My kiddos were absolutely thrilled about the opportunity to participate in a Children’s Entrepreneur Fair. They’ve been working hard for the past few months making hand loom knit hats in 3 sizes. They finished a total of 36 hats for the fair.
Parents were not allowed to help make the products for the event and my kiddos took this rule very seriously. I taught them how to make practice hats and they did all of the hats for the sale without my help.
They ended up selling 6 hats and earned $49 profit after paying for the booth ($20) and the hat making supplies ($36). They divided the profit evenly and got $16 each, they gave the remaining $1 to their dad for driving and carrying everything from the truck to the booth and back again. 😂 They were very happy with earning a profit and had a lot of fun. They each gave 10% of their profit to the church were attending as tithe.
Parents were not allowed to help set up the booth or interact with customers at all. I was really proud of how hard my kiddos worked, and how they improved their customer service skills over the course of the 3 hour selling event. My 2 oldest kiddos worked on knitting hats during the event to demonstrate how the hats were made. My daughter gave a young mother with her baby a lesson on how to make the hats so she could make more for her baby. My oldest son ended up coming up with a closing statement, “We hope you enjoy your new hat!” to the last few customers after they made purchases. All the kiddos answered questions from customers, other kid entrepreneurs, and the event judges who stopped by the booth.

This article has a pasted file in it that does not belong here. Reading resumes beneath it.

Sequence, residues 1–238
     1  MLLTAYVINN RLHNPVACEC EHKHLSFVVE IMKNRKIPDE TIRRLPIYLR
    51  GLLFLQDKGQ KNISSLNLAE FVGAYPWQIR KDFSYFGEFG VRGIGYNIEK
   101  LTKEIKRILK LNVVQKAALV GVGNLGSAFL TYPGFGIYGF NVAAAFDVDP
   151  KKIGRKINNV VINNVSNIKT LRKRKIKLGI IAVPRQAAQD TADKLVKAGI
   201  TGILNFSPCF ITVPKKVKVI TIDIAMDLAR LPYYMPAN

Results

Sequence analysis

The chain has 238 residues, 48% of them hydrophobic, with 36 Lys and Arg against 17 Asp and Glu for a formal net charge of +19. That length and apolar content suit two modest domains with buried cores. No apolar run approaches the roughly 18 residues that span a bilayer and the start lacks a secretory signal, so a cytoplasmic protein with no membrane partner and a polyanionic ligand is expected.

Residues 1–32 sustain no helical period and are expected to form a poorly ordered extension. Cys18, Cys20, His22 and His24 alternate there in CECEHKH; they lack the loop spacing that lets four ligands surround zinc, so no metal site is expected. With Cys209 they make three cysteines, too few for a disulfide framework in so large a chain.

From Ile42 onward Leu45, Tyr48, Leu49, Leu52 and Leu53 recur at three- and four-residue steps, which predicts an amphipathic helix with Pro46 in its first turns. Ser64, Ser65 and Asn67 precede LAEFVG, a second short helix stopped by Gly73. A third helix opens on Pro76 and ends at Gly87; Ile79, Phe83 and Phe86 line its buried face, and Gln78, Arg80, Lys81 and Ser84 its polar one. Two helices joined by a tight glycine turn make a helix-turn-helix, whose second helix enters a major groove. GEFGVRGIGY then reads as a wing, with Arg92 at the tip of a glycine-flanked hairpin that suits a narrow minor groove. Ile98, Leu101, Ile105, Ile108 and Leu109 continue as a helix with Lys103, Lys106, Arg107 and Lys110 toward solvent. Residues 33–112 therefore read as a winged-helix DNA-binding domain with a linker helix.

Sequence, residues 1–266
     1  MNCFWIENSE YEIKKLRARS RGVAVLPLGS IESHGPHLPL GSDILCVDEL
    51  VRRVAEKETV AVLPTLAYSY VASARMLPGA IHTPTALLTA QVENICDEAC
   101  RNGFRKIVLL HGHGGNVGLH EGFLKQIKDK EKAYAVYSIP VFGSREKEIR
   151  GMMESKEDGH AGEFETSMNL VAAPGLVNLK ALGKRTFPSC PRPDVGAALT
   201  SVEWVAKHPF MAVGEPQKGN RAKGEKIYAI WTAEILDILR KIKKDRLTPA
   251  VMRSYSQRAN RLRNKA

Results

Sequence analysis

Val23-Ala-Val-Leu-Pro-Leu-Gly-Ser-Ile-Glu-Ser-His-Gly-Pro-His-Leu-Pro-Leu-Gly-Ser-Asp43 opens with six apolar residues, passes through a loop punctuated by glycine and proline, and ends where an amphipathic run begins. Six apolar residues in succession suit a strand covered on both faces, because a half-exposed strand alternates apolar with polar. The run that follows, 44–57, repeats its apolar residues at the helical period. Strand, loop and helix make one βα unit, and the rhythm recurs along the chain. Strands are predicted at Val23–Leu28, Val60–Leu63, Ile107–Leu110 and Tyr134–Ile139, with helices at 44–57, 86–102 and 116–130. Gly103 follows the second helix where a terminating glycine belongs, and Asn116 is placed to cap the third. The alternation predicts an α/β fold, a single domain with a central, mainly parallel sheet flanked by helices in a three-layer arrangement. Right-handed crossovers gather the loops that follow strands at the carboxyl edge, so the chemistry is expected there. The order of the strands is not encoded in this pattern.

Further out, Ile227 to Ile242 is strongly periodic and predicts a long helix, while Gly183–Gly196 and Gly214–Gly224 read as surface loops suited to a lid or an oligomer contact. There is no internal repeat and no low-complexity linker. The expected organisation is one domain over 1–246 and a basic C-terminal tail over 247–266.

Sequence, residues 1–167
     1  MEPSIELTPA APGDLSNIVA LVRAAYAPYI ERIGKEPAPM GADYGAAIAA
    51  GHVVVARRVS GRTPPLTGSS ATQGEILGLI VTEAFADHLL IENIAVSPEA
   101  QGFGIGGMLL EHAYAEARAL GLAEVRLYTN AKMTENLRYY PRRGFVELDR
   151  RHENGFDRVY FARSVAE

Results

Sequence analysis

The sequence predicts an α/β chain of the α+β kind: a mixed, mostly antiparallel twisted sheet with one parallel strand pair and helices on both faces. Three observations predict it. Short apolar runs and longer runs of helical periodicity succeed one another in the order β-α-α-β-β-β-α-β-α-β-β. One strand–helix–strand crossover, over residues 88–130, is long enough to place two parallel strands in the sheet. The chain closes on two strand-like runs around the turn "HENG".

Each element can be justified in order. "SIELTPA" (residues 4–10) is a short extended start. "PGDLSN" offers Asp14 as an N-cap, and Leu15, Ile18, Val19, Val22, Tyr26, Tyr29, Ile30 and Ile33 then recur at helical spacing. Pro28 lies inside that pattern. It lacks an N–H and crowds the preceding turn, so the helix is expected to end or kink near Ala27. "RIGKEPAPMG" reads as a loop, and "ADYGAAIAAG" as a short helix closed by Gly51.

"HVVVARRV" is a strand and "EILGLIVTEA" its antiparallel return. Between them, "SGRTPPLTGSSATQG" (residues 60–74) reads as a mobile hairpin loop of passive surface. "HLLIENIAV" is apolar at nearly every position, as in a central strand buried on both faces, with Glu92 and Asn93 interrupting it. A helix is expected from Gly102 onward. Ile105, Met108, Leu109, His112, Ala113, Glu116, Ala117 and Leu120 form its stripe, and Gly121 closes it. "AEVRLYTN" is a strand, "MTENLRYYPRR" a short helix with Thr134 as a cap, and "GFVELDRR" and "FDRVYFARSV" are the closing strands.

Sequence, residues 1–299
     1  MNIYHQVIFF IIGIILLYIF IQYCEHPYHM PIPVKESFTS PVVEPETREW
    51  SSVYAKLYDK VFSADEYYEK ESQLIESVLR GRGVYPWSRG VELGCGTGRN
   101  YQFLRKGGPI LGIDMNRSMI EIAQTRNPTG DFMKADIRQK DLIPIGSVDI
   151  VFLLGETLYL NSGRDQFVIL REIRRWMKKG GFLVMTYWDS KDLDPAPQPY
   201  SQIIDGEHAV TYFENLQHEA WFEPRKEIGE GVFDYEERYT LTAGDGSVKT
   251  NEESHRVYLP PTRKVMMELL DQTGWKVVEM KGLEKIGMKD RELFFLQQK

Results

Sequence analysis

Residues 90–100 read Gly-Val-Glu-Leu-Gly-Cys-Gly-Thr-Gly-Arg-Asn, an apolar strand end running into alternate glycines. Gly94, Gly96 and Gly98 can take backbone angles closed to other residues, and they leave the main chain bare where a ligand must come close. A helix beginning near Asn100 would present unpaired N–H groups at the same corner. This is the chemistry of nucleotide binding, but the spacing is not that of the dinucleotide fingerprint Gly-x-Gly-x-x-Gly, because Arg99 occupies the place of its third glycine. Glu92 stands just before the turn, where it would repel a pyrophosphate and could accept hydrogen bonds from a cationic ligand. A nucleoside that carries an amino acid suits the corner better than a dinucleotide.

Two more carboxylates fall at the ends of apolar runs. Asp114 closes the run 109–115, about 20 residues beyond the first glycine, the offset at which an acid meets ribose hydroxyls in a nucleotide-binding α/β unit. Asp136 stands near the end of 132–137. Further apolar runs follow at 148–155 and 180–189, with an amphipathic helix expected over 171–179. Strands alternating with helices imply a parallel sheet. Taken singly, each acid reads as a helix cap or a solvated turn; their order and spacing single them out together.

My oldest was really focused on marketing. He made a wearable sandwich board and a stand alone sign that was at the end of our row of booths. There was even an arrow-shaped sign with flashing led lights!
The kiddos kept track of which hats they sold to do an inventory analysis and learned that people bought 2 solid colored hats for adults, 3 multicolored hats for babies and one monster decorated hat for a doll. They also learned that people might prefer optional pom poms instead of pom poms that are “permanently” attached.
Here are the hats they sold.
Here are a few of our favorites that are available for sale:
I tried to help the kiddos price the hats appropriately based on size, types of yarn used and extra for pom poms. My husband thinks they are priced a bit too high. We have another event where we can try selling the hats again coming up in October. My kiddos would love to hear your honest opinions on the following questions for market analysis.
🧶 How much would you spend on a hand knit hat?
🧶 Would you prefer a hat with a pom pom or without?
🧶 Which size of hat would you be most likely to purchase: adult/child, baby, or doll?
🧶 Which of the hats featured in this post is your favorite? Why?